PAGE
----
Creating consistent excellence in the contact centre
Knowledge management is at the heart of the contact centre’s role, working to bridge the gap between customers’ enquiries and the facts which will resolve their problems.
The bigger the contact centre’s remit, the bigger the knowledge needed. With extensive product ranges, specialised niche customers, and endless market requirements — not to mention complex partner relationships like B2B2C — not only is there more data to stay on top of, there are other issues too. Such as how fast it can become outdated, as products update continually, and the knowledge generation (e.g. product feature design) moves further and further away from those selling and supporting to the customer.
Maintaining an up-to-date knowledge base is the first challenge, and Steve Nattress, Product Director at Enghouse Interactive points out that for many contact centres as recently as a decade ago this consisted of printed product files for each call handler. When something needed updating, a manual ‘push notification’ consisted of physically replacing page 572 in every file, at the start of the shift… something we have got safely beyond now, when we can use machine learning and artificial intelligence to support knowledge management across all aspects of customer support.
“Whether it’s collection, distribution, or delivery of knowledge, AI can support it,” he explained. It’s not only automated delivery of information through self-service bots and similar applications. Often the AI will discern the point at which escalation to a human agent is the most sensitive and appropriate next move, Nattress explained. “The technology also finds and surfaces the right knowledge to the right person to deal with it, supporting them with the information when they need it to help the customer in the best way, applying the intelligence in the way it’s needed most.”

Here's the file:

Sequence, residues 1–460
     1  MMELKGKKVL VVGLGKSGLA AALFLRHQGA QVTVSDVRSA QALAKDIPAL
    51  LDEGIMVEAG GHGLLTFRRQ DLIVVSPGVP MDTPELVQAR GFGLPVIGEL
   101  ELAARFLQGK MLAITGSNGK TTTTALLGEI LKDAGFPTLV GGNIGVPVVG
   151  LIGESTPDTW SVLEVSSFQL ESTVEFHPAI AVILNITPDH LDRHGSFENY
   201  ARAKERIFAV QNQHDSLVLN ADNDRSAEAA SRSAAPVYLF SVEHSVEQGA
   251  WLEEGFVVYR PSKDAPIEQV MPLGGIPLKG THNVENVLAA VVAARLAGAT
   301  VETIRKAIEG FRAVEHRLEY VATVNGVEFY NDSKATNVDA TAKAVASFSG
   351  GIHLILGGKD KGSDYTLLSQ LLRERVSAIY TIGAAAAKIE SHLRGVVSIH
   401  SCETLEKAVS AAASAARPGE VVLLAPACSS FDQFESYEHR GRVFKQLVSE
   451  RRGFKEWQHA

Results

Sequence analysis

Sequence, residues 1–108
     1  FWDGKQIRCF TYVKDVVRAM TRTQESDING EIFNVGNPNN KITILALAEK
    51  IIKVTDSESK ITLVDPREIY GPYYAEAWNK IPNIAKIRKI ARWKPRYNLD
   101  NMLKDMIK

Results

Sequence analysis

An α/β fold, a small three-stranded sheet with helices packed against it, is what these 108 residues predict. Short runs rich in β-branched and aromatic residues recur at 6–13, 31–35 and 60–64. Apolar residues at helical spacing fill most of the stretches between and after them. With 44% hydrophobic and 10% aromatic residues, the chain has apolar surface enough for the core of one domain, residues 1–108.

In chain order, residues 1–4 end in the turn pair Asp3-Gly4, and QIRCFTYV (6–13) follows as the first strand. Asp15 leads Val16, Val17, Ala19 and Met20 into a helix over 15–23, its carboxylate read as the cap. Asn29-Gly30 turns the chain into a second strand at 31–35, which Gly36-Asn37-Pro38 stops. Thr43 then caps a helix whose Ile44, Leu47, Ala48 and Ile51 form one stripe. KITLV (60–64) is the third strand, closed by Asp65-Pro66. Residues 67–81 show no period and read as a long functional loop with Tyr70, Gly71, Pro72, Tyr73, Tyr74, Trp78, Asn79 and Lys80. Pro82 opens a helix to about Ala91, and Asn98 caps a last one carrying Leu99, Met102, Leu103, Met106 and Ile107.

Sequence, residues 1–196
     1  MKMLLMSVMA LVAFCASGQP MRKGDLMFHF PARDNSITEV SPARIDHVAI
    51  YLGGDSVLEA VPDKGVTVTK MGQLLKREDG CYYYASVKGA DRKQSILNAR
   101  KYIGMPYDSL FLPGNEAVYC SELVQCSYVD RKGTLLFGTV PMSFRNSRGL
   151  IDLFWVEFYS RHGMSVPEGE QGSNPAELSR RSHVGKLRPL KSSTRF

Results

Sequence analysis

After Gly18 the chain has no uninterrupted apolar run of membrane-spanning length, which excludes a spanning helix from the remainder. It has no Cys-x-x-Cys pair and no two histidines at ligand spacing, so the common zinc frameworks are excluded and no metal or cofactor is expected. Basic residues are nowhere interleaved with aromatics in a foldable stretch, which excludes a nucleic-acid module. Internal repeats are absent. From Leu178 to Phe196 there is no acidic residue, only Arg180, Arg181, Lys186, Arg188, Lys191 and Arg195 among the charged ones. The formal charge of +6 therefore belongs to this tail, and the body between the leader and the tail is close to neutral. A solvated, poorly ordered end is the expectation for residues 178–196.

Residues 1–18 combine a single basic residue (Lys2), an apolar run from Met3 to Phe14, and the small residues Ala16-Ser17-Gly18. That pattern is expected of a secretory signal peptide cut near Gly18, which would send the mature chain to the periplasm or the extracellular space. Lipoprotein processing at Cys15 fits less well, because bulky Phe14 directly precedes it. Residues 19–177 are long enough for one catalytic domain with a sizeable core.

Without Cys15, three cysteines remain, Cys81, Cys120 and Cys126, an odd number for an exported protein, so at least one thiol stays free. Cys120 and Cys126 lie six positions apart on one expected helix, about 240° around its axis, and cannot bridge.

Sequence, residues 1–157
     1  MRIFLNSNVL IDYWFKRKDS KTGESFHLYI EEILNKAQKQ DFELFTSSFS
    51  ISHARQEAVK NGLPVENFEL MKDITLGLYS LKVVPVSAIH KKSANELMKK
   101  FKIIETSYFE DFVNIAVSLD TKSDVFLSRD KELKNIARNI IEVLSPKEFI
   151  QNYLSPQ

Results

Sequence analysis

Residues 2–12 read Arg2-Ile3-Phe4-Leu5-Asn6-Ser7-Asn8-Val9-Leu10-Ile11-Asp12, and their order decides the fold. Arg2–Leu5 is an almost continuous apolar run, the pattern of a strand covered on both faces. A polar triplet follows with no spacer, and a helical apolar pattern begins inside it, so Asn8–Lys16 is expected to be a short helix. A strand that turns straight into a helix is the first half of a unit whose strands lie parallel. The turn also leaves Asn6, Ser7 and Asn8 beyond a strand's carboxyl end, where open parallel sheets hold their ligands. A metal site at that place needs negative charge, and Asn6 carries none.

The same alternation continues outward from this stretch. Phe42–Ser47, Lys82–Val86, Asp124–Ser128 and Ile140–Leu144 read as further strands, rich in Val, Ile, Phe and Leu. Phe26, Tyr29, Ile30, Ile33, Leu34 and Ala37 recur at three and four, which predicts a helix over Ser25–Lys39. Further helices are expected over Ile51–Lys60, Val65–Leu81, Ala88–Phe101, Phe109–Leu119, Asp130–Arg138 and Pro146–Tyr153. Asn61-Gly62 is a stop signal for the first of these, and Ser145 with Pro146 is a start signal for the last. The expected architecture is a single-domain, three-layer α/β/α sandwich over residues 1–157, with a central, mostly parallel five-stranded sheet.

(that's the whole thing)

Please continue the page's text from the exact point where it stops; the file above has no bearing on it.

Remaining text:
Indeed, the AI can often help the agent figure out what the customer needs in the first place, by making internal knowledge accessible through the terms and language the customer themselves is using — thereby overcoming the kinds of misunderstandings that lead to dissatisfaction, thanks to enhanced semantic reasoning.
“There are subtle things from parsing common misspellings, to different local phrasing, like Hoover being used as a generic word for a vacuum cleaner in the UK. Or gas versus petrol. It works by being a bit fuzzier around the terms people are using, to cut through to what they really mean.”
This makes a huge difference in the direct delivery of customer service, with one of Enghouse’s customers — selling a vast inventory of white goods’ insurance products — cutting their training and onboarding pathway from eight weeks down to a fortnight for new agents:
“They set them a challenge, day one, go and find the answer to this question — and the trainee gets immediate feedback and reward, and embedded in the culture, that you go and ask the knowledge base. Because the answer you need is going to be in there,” Nattress described.
Once those new hires are actively delivering customer service excellence alongside their colleagues, the consistency and quality of the service are enhanced too. “It’s had a knock-on impact on their call handling time, over 20% reduction, about 30 seconds reduction per call.” Whether the agents are working in a colocated or distributed way, the AI supports each of them in an individual and timely way — overcoming the distance and lack of shared experience, with direct access to information and support.
All the customer knows is that the person they speak to has immediate access to the information needed to understand and solve their problem as quickly as possible, and find the best way to make them happy… So, that’s a win-win, for the business and their end-user.